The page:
I help homeschool groups file for tax exempt status with the IRS.
Most of them are homeschool co-ops and want 501(c)(3) status as a “qualified charity” because they have an educational purpose and desire tax deductible donations, tax -free profits and sometimes other perks that come with 501(c)(3) status.
But there is another type of tax exempt status that may apply to homeschool support groups: 501(3)(7) Social Club.
Here’s what it takes to be classified as a 501(c)(7) Social Club:
1. Purpose is for pleasure, social or recreation. A nonprofit motive and no part of the net earnings may inure to the benefit of any person having a personal and private interest in the activities of the organization
There must be an established membership of individuals, personal contacts and fellowship. A commingling of the members must play a major role in the life of the organization.
Common examples include college fraternities or sororities, country clubs, garden clubs, hobby clubs, etc.
2. Limited membership: membership is limited and consistent with the character of the club
3. Supported by membership fees. In general, your club should be supported solely by membership fees, dues, and assessments. A section 501(c)(7) organization can receive up to 35% of its gross receipts from sources outside of its membership without losing its tax-exempt status. For example, up to 35% of your total revenues can come from fund raising.
4. Business activities. If your club will engage in business, such as selling products or services, it generally will be denied exemption. However, your organization can provide meals, refreshments, or services related to its exempt purposes only to its own members or their dependents or guests.
5. Tax treatment of donations. Donations to social clubs are not deductible as charitable contributions on the donor’s federal income tax return.
These criteria fit a homeschool support group. The members are limited to homeschool parents (or those interested in homeschooling), meet for social reasons, are supported by membership fees (and maybe a little bit of fund raisers), do not sell products or services and do not collect tax deductible donations.
So most homeschool support groups can be considered 501(c)(7) Social Clubs.
Most homeschool co-ops do not fit this description because they sell services (classes) and have an educational purpose, not a social or recreational purpose. They may qualify for 501(c)(3) tax exempt status as an educational organization.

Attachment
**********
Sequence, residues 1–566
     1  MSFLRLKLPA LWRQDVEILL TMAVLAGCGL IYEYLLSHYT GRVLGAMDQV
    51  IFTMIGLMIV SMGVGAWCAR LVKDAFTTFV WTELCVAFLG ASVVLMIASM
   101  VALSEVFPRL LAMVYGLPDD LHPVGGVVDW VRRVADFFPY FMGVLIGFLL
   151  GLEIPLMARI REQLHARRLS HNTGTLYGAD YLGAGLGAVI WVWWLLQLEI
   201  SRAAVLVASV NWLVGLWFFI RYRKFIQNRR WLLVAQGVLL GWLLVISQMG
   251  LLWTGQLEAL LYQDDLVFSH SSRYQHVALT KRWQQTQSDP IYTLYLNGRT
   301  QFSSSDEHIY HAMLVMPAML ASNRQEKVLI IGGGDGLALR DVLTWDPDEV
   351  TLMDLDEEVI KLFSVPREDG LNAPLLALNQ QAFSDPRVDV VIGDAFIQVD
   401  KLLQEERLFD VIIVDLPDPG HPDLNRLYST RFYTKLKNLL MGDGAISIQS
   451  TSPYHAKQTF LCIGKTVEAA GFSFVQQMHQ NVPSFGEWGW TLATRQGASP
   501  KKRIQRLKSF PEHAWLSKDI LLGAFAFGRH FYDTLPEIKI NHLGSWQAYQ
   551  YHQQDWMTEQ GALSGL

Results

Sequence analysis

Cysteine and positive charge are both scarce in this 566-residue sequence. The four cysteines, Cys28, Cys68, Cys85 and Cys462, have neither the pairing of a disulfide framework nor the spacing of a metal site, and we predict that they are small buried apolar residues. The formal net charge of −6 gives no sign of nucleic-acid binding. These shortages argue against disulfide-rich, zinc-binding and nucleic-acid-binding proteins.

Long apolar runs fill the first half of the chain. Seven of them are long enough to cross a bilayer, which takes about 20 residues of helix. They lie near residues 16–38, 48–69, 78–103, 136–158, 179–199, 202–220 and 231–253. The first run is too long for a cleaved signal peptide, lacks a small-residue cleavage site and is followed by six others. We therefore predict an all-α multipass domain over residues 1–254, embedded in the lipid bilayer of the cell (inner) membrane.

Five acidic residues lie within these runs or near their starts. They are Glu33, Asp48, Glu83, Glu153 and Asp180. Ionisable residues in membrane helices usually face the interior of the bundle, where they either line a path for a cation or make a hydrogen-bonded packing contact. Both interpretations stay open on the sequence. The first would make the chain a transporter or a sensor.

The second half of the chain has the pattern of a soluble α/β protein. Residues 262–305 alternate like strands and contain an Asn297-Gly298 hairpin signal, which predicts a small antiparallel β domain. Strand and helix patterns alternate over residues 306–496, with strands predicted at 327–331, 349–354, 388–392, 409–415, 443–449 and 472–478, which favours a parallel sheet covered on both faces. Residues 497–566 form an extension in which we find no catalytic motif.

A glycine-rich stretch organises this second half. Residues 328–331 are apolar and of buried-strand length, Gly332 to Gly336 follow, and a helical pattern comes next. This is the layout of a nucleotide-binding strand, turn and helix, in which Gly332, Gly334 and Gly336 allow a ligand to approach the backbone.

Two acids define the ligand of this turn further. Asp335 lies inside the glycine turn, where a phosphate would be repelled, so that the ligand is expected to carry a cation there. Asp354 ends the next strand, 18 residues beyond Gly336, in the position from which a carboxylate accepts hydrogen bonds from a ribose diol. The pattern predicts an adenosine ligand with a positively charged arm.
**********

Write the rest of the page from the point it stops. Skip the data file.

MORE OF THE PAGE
Confused about whether your organization is a 501(c)(3) “qualified charity” or 501(c)(7) Social Club?
This chart may help: Compare 501c3 to_501c7
Here’s the good news: If your organization fits the bill to be a 501(c)(7) Social Club, you do not have to file the IRS application (Form 1023 or 1024) like 501(c)(3) organizations must. 501(c)(7)s are allowed to “self-proclaim” their tax exempt status.
Here’s the bad news: The IRS requires all tax exempt organizations for file an annual information return , Form 990/990EZ or 990N. Failure to file the Form 990/990EZ/990N for 3 consecutive years means your tax exempt status is automatically revoked. Need help getting your tax exempt status reinstated? I can help.
Carol Topp, CPA
[…] Are Homeschool Support Groups Automatically Tax Exempt … […]
Where in the world did you get the information that a 501(c)(7) is not required to file an annual information return with the IRS? I have been unable to find this information in any IRS publication or instruction. While there are exemptions for filing when gross receipts are regularly below a certain level, no where have a found that an entire code of exempt organization is not required to file by virtue of being organized under that code.
I didn’t write that 501(c)(7s) do not file the annual information return (Form 990). They are required to file annual 990s.
I wrote that the IRS does not require 501(c)(7)s to file an application (the Form 1024) to be tax exempt. c7s can “self declare” tax exempt status.
In this post I cite my source from the IRS: https://homeschoolcpa.com/self-proclaimed-tax-exempt-status-for-501c7-social-clubs/
Sorry if the blog post was confusing.
Carol Topp, CPA
P.S. But even if your group does not have to file the application paperwork (Form 1023 or 1024), your organization must still file an annual information return called a Form 990/ 990EZ or the simple on-line Form 990N with the IRS. Read more here: IRS Form 990N FAQ
I have an ethnic organization that filed a 990 and the IRS said it had no record of them as a not for profit. If what you say above is true how do you avoid the IRS notice when you file the 990 if your self-proclaimed 501c7?
Sounds like you filed a 990, but were not in the IRS database as an exempt organization. To get into the IRS exempt organization database you need to call the IRS Customer Account Services at 1-877-829-5500. It typically takes 6 weeks after you call to be added to the IRS database. They will ask for your organization’s legal name, EIN, address and a contact name. They may also ask if you have “organizing documents such as Articles of Incorporation or bylaws.
After you are in the IRS exempt organization database, you can begin filing the Form 990s.
Carol Topp, CPA